Middle East Eye / March 30, 2021
Palestinian farmers say they face constant threats while working on family lands due to Israel’s annexation policies.
On 30 March 1976, six Palestinians were killed by Israeli forces as hundreds of Arab citizens in the occupied territory took to the streets to protest Israel’s expropriation and occupation of Palestinian lands.
The event became known as the Land Day and a symbol of national struggle that unites Palestinians around the world.
Forty-five years later, Palestinians say that not much has changed, as Israel continues its policy of annexation.
Middle East Eye met with Palestinian farmers and land owners in the Gaza Strip, who have been unable to access hundreds of dunums of land belonging to their families due to Israel’s restrictions and annexation policy.
Land theft normalised
Iyad Abughleiba, 49, a Palestinian who owns agricultural land in the eastern central Gaza Strip, says that farmers find it increasingly difficult to work in the blockaded enclave as Israel continues to “normalise land theft”.
Since age 15, he and his brothers would help their father cultivate the family lands. When his father passed away, the siblings inherited the lands and continued to work as farmers.
“My grandfather had owned more than 400 dunums of land. But over the years, and with every Israeli decision or new policy, the lands have been gradually shrinking. Today we only have 25 dunums left,” Abughleiba told MEE.
Although Israel dismantled its settlements in Gaza in 2005 and withdrew its forces and settlers from the enclave, it still controls vast areas of land in the northern and eastern perimeter of the Strip.
“Israel’s disengagement from the Gaza Strip is the biggest lie. They are controlling every inch of the Strip – the land, the sea, and can you hear that noise? They are also controlling the air,” Abughleiba said as an Israeli drone buzzed at low altitude above his land.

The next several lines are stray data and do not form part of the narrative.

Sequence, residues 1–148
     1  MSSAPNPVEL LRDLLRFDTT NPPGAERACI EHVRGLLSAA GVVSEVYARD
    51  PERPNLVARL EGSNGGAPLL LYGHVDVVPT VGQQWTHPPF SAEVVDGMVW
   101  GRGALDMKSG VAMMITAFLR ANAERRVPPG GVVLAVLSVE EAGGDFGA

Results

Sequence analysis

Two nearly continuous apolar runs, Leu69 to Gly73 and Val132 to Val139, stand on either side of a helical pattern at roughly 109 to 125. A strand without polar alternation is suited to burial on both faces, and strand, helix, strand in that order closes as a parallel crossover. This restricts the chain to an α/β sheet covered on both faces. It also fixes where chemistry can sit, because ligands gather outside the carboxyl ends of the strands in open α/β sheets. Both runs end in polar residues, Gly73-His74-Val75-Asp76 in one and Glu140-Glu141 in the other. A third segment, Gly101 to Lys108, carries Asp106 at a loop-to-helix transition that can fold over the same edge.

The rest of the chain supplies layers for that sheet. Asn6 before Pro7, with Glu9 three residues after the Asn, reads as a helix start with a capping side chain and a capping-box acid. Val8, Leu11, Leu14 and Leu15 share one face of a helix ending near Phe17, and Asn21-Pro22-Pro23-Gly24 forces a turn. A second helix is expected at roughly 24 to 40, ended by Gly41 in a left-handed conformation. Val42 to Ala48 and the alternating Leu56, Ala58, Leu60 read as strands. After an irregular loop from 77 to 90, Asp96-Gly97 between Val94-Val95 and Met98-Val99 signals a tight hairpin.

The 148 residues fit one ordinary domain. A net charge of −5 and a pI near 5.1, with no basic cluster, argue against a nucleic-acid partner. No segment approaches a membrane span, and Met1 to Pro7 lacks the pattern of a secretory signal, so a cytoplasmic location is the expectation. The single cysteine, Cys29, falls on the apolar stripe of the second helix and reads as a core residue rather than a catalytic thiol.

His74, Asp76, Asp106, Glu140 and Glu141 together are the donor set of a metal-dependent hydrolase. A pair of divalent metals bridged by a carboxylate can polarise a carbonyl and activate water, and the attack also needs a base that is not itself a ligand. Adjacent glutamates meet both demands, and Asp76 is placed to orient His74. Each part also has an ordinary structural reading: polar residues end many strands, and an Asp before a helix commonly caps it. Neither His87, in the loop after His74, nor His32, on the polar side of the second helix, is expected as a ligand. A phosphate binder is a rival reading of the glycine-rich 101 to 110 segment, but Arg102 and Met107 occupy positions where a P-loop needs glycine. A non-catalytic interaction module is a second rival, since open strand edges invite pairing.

“Like the majority of Palestinians, our grandparents lost most of their lands in Gaza and the West Bank during the [Palestinian] Nakba. But land theft did not stop here.”
The Nakba, meaning the “disaster, catastrophe or cataclysm”, marks the partition of Mandatory Palestine in 1948 and the creation of Israel. At least 750,000 Palestinians were displaced from their homes that year. A further 280,000 to 325,000 fled their homes in territories captured by Israel in 1967.
Following its disengagement from the Gaza Strip in 2005, Israel established a “buffer-zone”, a military no-go area that stretches across the Strip’s borders with Israel. The first reference to a buffer-zone in the Strip appeared in the Oslo Accords in 1993, which mentioned a 50-metre wide area along the enclave.
Today, it extends to more than 300 – 2,000 metres inside the Strip.
“When Israel first established the buffer zone, we lost part of our lands. Then when they expanded it in 2009, we lost another part. This is how they gradually annex more parts of our lands every now and then,” Abughleiba explained.
Abughleiba is always on high alert while farming, even though it’s been a couple of years since Israel last annexed parts of his family’s lands.
“Even if the rest of our lands is still accessible, we are always cautious due to threats of crops being bulldozed or shots being fired at us whenever we are working.
“In 2008, the Israeli forces bulldozed our lands, uprooting dozens of olive trees and destroying a water well. In 2014, during the war on Gaza, they did it once again,” he said.
Gaza farmers and landowners bear the brunt of Israel’s policies, facing periodic bulldozing of lands, flooding of crops, and shooting by Israeli forces stationed adjacent to their lands.
“After they bulldozed our lands, we planted them again and still insist on coming back to them because they are our only source of living.